torticollis

What Do the Ultrasound Findings Reveal About an Infant With Torticollis?

Case and images courtesy of Thaddeus W. Herliczek, MD, MS, 
Warren Alpert School of Medicine, Brown University, Providence, RI.

THE CASE: A 4-week-old girl is brought for evaluation of progressive torticollis. The mother is also concerned about a lump in the baby’s neck. The infant was delivered vaginally with vacuum assistance at 39 weeks’ gestation after an uncomplicated pregnancy.

Examination reveals a well-appearing neonate whose face and head deviate persistently toward the right. A firm, painless mass of about 15 3 10 3 10 mm is noted at the left anterolateral aspect of the infant’s neck. There are no superficial cutaneous abnormalities. Remaining physical findings and vital signs are normal.

Ultrasound images of the neck are shown.

Which of the following best describe the ultrasound findings?

A. Rhabdomyosarcoma.

B. Infantile myofibroma.

C. Left fibromatosis colli.

D. Normal right sternocleidomastoid muscle.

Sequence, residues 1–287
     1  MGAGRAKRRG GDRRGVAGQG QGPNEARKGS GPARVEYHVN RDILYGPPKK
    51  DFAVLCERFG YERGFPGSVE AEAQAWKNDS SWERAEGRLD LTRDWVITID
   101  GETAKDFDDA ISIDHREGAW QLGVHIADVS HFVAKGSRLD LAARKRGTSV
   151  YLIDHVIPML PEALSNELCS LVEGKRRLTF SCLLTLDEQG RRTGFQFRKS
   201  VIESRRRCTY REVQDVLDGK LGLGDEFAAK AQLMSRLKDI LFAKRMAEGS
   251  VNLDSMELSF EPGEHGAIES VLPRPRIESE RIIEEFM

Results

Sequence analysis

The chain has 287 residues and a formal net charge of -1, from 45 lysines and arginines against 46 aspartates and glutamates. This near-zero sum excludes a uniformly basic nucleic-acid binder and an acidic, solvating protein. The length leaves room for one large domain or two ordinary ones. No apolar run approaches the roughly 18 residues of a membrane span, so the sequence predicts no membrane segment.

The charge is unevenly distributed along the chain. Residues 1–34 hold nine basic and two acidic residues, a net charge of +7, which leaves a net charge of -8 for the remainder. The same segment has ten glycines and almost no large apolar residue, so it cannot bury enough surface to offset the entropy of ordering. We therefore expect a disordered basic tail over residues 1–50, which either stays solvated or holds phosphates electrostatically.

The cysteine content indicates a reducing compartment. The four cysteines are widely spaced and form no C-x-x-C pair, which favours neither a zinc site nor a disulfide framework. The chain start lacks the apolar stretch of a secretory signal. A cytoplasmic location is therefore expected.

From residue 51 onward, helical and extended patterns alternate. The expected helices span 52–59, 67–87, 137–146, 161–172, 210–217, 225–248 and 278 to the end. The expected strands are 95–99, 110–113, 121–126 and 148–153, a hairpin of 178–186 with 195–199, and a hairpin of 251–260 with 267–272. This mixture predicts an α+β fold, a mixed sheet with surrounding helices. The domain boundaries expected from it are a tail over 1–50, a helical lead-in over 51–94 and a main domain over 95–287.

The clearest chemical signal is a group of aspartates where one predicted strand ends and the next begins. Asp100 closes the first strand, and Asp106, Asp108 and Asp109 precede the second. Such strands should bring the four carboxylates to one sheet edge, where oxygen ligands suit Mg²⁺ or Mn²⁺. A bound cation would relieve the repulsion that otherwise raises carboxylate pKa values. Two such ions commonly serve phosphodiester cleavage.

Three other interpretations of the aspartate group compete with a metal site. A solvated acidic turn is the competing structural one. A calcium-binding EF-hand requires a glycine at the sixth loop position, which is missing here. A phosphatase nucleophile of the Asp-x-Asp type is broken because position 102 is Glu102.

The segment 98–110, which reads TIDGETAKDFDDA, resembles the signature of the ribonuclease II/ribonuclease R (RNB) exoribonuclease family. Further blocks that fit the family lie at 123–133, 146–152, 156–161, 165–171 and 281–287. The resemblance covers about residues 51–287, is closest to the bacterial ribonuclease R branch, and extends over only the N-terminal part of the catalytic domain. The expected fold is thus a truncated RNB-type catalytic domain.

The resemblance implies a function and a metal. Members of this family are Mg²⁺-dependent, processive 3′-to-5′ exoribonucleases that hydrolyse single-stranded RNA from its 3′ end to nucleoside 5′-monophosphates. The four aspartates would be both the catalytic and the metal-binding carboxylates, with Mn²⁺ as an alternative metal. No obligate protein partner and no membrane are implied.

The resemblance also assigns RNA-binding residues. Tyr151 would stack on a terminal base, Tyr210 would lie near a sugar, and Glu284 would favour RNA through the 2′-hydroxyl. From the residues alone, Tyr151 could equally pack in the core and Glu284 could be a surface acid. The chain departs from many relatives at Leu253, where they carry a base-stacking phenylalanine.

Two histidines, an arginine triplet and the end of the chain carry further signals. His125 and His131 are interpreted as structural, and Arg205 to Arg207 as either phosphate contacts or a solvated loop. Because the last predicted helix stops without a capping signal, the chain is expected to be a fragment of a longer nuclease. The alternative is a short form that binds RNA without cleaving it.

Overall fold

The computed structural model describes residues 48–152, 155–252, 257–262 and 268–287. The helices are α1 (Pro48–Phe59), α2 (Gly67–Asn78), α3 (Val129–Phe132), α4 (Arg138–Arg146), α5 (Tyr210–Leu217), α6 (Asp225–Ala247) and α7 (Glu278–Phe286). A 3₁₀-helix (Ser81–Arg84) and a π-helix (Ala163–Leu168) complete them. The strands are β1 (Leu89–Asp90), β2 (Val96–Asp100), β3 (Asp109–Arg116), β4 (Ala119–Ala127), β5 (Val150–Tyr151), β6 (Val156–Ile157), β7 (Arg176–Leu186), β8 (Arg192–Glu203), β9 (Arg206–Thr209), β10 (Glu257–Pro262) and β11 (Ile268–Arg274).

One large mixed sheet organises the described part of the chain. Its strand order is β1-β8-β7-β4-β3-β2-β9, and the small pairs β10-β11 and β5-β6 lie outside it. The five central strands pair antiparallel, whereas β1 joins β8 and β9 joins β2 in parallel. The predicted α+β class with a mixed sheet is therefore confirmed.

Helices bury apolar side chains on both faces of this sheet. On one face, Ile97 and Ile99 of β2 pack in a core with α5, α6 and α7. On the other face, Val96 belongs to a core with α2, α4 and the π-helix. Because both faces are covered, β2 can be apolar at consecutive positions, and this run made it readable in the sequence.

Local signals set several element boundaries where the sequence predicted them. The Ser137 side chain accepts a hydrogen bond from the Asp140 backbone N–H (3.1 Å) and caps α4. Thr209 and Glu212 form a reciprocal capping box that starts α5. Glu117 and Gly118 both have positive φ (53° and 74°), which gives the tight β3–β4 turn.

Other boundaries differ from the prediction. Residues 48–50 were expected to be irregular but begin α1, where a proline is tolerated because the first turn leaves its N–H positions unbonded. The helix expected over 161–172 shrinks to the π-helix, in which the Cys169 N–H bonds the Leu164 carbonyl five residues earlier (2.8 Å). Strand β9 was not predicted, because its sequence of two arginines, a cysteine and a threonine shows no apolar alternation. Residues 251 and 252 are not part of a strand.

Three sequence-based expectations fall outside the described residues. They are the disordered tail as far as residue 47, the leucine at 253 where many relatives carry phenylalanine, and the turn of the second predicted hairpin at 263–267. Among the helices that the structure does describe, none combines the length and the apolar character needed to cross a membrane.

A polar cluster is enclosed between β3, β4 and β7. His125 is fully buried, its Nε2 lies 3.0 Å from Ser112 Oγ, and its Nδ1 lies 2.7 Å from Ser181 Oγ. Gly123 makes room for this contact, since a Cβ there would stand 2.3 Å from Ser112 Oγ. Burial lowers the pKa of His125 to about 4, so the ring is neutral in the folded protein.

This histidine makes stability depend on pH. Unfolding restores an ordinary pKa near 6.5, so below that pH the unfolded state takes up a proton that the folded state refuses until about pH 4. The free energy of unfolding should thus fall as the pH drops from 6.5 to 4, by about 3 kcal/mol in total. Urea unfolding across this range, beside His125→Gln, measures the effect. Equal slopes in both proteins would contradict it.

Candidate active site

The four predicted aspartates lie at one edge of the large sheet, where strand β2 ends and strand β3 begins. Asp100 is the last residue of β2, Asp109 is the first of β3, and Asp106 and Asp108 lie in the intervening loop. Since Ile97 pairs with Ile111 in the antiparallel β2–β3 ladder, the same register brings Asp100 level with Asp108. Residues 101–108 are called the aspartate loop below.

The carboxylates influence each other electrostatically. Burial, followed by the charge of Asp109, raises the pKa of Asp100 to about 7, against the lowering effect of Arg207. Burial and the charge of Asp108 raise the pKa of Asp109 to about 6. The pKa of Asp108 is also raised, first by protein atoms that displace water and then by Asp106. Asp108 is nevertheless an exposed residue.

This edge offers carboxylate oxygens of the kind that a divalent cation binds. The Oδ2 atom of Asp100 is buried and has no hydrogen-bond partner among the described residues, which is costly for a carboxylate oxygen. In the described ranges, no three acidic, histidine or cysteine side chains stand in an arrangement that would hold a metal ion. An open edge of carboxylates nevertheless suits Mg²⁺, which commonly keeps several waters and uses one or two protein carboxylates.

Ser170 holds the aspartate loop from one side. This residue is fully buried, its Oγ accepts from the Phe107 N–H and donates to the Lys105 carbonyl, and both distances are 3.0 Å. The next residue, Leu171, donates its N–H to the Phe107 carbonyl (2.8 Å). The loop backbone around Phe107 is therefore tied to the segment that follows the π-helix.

(Answer on next page)

The correct answers are C, left fibromatosis colli, and D, Normal right sternocleidomastoid muscle.

Discussion: The ultrasound images show the characteristic sonographic features of fibromatosis colli, involving the left sternocleidomastoid (SCM) muscle (A and B). The normal right SCM muscle (C and D) is shown for comparison.

Fibromatosis colli (also known as congenital muscular torticollis) is idiopathic fusiform enlargement of the SCM muscle that typically occurs between 2 weeks and 2 months of age. It is an acquired condition, probably related to SCM muscle injury in utero or during delivery. Trauma to the muscle results in fibrous infiltration of an intramuscular hematoma. Fibrous infiltration results in muscle shortening and head tilt toward the unaffected side. A palpable mass may or may not be present.

Ultrasonography is the first-line imaging modality in the infant with a painless neck mass and torticollis.

Fibromatosis colli usually resolves spontaneously; however, recovery may be assisted by physical therapy and stretching of the affected SCM muscle. This patient’s torticollis resolved without complication after physical therapy.